Facebook integrates Facebook comments into Facebook Ads-Facebook announced this week a new ad format called “Sponsored Stories” that enables marketers to integrate user-generated content regarding their brand within an ad. For a further explanation and insight into how this significant change may impact search marketers, check out Keith Wilson’s article on The Search Agents’ blog.
Google launches Keep My Opt-Outs- Google launched a new tool on Monday called Keep My Opt-Outs, designed to enable users to permanently opt out of ad tracking cookies. Unlike current opt-out systems, which reset whenever you delete your cookies, Keep My Opt-Outs is built in to Google’s Chrome browser, making the opt-out process permanent.
Google to reformat paid ad descriptions- Google is set to make another change to the appearance of their paid-search advertisements. Once this is implemented, any description line 1 that ends in punctuation will be tacked on to the headline and separated by a dash. The change will only affect paid ads appearing in the top three positions.
Google’s super Wi-Fi get approved by FCC- The Federal Communications Commission granted nine U.S. companies the go-ahead to manage usage of “white space”- an unlicensed spectrum of free airwaves. The decision marks a significant step in the direction of free wireless, and an essential opening of more ways to manage the expected increase of traffic in the future. To learn more, check out Marguerite Reardon’s article on CNet News.
Google tests display ads in Gmail- Google started showing display ads in Gmail accounts at the end of last week. Google has always served relevant ads within Gmail, but now the ads will appear with images. In a statement to Search Engine Land, a Google representative explained the change, stating, “We’re always trying out new ad formats and placements in Gmail, and we recently started experimenting with image ads on messages with heavy image content.”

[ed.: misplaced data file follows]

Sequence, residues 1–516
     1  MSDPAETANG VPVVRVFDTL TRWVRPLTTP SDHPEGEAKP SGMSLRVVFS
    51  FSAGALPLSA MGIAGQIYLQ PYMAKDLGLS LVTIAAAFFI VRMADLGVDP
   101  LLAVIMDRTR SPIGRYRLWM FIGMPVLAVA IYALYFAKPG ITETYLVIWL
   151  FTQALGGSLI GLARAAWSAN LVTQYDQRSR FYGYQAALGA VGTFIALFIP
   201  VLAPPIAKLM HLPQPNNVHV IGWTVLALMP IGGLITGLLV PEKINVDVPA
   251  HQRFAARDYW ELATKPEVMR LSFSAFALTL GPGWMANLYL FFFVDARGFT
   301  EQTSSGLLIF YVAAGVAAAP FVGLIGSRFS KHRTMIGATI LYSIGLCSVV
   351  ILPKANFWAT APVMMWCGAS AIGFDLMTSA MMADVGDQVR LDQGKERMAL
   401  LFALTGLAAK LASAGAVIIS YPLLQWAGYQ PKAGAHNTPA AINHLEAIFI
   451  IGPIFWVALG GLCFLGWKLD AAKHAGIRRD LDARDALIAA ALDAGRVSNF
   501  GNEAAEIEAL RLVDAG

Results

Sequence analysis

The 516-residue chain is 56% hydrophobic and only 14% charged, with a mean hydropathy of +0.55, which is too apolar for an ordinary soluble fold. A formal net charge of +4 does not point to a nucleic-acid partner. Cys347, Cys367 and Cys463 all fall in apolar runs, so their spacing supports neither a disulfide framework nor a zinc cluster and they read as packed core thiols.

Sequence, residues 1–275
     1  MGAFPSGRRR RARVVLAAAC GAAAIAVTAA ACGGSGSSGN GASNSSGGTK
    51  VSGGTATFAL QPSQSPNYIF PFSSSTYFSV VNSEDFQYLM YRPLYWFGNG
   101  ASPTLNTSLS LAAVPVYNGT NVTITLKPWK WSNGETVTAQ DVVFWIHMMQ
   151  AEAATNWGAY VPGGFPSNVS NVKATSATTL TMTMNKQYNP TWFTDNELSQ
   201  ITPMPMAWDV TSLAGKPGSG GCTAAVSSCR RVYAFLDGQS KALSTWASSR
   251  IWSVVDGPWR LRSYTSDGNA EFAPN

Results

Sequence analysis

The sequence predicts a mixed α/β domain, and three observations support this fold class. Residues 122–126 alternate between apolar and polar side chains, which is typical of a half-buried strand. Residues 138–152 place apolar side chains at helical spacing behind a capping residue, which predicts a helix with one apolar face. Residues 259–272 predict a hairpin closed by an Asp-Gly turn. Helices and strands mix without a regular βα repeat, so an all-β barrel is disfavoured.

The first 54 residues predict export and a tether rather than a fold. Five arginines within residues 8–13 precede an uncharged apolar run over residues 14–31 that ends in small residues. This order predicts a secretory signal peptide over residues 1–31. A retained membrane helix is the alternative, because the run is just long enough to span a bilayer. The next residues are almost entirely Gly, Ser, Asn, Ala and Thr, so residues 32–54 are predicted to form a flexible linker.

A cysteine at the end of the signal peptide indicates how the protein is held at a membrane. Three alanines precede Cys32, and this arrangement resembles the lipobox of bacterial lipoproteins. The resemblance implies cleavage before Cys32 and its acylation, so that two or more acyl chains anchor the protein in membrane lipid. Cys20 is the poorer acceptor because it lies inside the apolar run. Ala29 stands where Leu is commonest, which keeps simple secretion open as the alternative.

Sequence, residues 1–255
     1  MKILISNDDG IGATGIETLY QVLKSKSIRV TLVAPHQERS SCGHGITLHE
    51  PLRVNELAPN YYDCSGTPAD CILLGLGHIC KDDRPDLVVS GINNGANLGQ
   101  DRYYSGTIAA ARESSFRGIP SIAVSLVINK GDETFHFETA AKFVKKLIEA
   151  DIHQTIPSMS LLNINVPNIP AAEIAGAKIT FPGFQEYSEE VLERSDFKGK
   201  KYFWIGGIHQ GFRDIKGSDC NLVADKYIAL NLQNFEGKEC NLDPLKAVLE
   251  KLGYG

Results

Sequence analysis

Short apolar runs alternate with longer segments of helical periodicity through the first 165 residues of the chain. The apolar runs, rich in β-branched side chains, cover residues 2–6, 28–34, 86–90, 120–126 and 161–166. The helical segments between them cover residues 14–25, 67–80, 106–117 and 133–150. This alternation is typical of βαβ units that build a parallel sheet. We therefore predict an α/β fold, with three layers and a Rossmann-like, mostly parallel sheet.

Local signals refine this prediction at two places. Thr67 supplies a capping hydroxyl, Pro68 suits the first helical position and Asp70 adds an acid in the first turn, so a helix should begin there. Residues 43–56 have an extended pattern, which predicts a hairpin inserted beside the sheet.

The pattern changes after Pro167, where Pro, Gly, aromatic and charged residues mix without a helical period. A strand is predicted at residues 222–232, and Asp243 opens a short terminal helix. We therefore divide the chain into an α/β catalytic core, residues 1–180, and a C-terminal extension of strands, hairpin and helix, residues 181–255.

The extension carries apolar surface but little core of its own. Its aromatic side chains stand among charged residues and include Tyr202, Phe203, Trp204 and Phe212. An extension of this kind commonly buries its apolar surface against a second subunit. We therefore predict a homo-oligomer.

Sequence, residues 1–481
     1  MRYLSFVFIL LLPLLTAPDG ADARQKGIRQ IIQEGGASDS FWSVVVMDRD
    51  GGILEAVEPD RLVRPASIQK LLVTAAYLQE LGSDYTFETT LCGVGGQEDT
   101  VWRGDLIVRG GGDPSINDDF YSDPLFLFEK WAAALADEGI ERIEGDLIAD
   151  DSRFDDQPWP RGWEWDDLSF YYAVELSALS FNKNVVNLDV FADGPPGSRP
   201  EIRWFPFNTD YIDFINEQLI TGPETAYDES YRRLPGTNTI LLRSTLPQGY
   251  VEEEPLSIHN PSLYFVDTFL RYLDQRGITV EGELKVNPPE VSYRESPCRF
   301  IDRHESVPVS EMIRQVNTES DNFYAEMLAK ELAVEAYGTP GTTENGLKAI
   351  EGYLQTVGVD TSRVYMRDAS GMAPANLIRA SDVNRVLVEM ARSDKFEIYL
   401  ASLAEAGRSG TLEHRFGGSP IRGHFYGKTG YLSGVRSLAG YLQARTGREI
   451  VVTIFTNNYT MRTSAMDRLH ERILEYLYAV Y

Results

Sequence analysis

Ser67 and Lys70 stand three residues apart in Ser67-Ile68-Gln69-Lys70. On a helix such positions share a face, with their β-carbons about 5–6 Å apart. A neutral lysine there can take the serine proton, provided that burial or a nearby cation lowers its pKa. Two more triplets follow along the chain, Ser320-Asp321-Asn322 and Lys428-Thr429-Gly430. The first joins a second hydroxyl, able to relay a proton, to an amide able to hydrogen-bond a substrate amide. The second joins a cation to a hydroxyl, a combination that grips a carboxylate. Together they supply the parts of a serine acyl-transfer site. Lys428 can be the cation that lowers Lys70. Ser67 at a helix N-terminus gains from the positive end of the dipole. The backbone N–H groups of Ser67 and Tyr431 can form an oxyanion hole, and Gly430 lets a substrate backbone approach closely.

Google to shut down real-estate listings- Google announced on Wednesday their plans to remove their real-estate listings from Google Maps. In a blog post announcing the decision, Brian McClendon, vice president of Google Earth and Maps, stated, “In part due to low usage, the proliferation of excellent property-search tools on real estate websites, and the infrastructure challenge posed by the impending retirement of the Google Base API (used by listing providers to submit listings), we’ve decided to discontinue the real estate feature within Google Maps on February 10, 2011.”
Google to censor piracy-related search terms- Google announced on Thursday that it will begin censoring its predictive search tools (Google’s Autocomplete and Instant tools) against terms related to pirated material, ex. BitTorrent, torrent, utorrent, RapidShare, and Megaupload. To learn more, check out Sara Yin’s article in PC Magazine.